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The Cost of Motoring - 2003

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The Cost of Motoring - 2003

    March 2006

THE COST OF MOTORING - 2006

How much does it cost to run a car?

    Facts on the cost of running a car are an essential resource. They are:

    ; important to millions of drivers’ individual decisions on what type of car

    to run

    ; important to public discussion when the Chancellor sets motoring tax rates

    and

    ; key to planning and forecasting transport needs and analysing the various

    social and environmental impacts of vehicle use.

    These motoring cost tables are produced by the AA Motoring Trust and have become a standard reference. When they were first published in 1950, the Road Fund Licence (car tax) was ?10 and a litre of petrol was 3.3p. However, care is needed with comparisons:

    ; the modern car is much more economical and a lot safer

    ; it produces only one or two percent of the toxic emissions of earlier cars

    ; it is quieter, easier to drive, more durable and much more reliable and

    ; it carries features that in 1950 would have been literally incredible.

    The current figures give a guide as to how much it is likely to cost the average private user to run a petrol or diesel powered car, based on buying a car new and replacing it after four years.

    Each year the AA Trust takes 60 top-selling models, representative of the UK market, and analyses their costs over this period. Individual circumstances will vary. For instance, fuel consumption will depend on the particular vehicle type and local traffic conditions, and the expense of repairs needed can be very unpredictable. However, the guide aims to show a representative cost that reflects all the important items to enable motorists to see how it all adds up.

Standing Charges

    The standing charges are those incurred just by keeping the vehicle ready for use on the road. They include road tax (annual vehicle excise duty - VED), insurance, cost of capital used, loss of value (depreciation), and annual roadside breakdown cover. Depreciation is usually the biggest single cost factor, though it is easy to lose sight of it as a day-to-day expense.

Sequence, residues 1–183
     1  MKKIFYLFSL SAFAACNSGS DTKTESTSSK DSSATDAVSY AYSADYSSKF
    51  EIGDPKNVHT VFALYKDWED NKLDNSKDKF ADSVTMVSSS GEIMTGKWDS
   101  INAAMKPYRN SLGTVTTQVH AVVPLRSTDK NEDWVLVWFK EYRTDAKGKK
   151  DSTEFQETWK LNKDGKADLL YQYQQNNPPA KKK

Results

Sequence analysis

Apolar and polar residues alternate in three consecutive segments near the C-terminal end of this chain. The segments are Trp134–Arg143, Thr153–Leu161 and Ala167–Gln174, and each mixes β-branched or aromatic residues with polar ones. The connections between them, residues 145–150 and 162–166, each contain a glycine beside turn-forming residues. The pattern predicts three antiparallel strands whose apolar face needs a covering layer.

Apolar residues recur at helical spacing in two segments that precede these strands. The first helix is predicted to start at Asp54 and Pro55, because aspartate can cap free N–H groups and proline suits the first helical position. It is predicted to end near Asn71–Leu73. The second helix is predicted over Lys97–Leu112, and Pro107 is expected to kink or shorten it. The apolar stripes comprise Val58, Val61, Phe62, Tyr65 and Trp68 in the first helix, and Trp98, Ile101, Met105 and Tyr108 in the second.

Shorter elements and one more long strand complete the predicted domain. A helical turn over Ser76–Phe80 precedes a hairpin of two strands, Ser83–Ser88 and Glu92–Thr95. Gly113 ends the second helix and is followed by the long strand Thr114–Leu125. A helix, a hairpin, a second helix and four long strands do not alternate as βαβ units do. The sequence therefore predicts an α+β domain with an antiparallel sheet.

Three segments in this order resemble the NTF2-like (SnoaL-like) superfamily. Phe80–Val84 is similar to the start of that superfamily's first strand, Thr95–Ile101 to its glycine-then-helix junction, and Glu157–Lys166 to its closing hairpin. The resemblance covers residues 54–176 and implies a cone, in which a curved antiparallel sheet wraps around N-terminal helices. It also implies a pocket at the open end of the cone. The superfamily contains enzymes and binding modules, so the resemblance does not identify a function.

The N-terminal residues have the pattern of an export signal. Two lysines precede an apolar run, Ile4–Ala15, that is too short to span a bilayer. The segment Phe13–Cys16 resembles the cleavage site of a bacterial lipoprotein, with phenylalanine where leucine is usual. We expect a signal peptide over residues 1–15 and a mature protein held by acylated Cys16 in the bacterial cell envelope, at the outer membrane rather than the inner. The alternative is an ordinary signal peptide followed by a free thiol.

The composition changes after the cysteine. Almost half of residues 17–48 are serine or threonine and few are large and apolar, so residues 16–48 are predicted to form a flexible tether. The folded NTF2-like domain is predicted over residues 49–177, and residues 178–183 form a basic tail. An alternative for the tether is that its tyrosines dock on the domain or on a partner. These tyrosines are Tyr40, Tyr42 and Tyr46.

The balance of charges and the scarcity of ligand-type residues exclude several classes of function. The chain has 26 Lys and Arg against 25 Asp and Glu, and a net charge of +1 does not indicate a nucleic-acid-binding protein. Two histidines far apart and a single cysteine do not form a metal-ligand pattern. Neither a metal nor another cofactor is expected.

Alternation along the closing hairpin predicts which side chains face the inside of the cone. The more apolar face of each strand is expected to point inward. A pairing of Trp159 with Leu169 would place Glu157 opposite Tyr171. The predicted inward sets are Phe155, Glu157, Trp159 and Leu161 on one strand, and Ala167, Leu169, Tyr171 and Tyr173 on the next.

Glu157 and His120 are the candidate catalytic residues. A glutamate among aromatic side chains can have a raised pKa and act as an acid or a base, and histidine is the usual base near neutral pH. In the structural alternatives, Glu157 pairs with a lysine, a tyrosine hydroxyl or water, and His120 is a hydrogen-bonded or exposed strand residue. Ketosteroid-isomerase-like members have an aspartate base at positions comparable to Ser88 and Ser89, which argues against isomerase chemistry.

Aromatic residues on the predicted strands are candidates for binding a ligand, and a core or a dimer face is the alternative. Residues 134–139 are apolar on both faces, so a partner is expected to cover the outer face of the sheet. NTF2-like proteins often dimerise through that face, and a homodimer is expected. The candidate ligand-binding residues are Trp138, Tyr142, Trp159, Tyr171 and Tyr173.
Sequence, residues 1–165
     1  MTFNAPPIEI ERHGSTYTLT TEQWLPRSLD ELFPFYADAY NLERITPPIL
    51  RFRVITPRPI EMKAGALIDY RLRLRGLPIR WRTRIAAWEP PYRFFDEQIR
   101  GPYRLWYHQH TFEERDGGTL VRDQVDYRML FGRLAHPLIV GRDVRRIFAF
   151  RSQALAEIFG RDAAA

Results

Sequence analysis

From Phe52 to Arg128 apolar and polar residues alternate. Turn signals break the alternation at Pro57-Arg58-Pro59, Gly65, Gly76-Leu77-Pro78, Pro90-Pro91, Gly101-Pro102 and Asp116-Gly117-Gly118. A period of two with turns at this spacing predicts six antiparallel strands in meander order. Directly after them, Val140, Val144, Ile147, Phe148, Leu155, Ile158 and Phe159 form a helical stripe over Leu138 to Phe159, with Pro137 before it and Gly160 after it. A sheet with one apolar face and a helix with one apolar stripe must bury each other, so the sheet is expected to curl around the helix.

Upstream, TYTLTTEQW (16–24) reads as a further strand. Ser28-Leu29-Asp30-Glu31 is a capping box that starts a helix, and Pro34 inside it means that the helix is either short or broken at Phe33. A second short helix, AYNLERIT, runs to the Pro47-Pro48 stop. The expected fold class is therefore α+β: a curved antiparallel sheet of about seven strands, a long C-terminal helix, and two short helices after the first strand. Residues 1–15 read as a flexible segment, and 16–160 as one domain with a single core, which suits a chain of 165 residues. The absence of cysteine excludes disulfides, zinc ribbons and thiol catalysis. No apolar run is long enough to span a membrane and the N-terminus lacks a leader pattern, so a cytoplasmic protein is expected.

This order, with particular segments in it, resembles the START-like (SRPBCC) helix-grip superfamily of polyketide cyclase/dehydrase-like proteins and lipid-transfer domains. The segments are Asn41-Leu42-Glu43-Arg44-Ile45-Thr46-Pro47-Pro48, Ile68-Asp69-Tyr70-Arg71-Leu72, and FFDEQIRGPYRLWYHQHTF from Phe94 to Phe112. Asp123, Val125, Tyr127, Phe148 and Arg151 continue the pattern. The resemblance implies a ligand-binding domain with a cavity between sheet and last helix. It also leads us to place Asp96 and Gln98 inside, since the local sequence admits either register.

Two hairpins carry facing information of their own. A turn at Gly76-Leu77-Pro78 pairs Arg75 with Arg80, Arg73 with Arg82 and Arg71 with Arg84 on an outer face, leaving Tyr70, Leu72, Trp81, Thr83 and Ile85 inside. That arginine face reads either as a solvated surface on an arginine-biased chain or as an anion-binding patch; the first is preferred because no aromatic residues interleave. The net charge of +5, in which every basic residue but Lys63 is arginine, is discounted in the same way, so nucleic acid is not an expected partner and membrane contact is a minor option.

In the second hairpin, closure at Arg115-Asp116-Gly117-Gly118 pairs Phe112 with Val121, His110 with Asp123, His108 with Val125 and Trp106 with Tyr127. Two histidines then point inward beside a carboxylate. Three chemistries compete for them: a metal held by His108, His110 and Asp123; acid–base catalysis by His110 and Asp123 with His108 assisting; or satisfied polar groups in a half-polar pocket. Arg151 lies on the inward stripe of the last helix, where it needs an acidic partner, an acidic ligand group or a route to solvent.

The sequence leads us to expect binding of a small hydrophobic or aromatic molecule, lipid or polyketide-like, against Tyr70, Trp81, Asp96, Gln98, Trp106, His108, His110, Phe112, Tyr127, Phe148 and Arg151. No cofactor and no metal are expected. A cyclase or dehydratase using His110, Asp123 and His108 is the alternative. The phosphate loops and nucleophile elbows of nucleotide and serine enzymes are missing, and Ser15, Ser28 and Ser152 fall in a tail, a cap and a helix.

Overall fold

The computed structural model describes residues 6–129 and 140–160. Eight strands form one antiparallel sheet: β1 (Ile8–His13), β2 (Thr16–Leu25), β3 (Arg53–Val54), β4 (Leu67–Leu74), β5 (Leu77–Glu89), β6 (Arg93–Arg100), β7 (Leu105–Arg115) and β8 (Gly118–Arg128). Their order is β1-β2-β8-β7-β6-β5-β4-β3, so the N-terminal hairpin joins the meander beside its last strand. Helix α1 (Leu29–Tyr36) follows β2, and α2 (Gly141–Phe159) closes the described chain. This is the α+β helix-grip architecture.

The AA Motoring Trust www.AAtrust.com page 1 of 8

    The standing charge will be an annual sum that needs to be provided for, even if the car is not used. This charge can be shown as a ‘cost per mile’ figure by dividing it by the annual mileage covered. The tables (attached below) show these for between 5,000 and 30,000 miles per year with the result adjusted to allow for the different depreciation brought about by the particular annual mileage.

Running Costs

Running costs are those that depend directly on using the vehicle primarily fuel,

    but also include parking and tolls, tyres, servicing and repair costs. On average, every mile run adds this cost to the annual bill, and every mile saved reduces it by the same amount.

Vehicle Groups

    Cars are put into groups depending on the new car price. This is a better guide to the cost of running a car than, for instance, its engine size. Calculations are made by taking the new car list price when first registered, including the main options (eg, automatic gearbox, air conditioning etc) supplied with the car. If in doubt, used car price-guides will give original list prices.

    As the cars analysed for the report were the popular sellers, most do not yet feature in the very low CO emitting categories (CO VED labelling bands A or B). 22

    Vehicles in these bands will be included as they increase their market share.

    This year the AA Trust has produced running costs for an average of six of the best-selling SUV (or 4x4) vehicles (for petrol and diesel engines). Their costs are included in this report, but show little variation from the typical costs within the ?20k to ?30k band.

Claiming Mileage

    How much employers pay for mileage is a matter for negotiation between them and the employees, as circumstances will vary. HM Revenue and Customs operates the Approved Mileage Allowance Payment (AMAP) system details from your local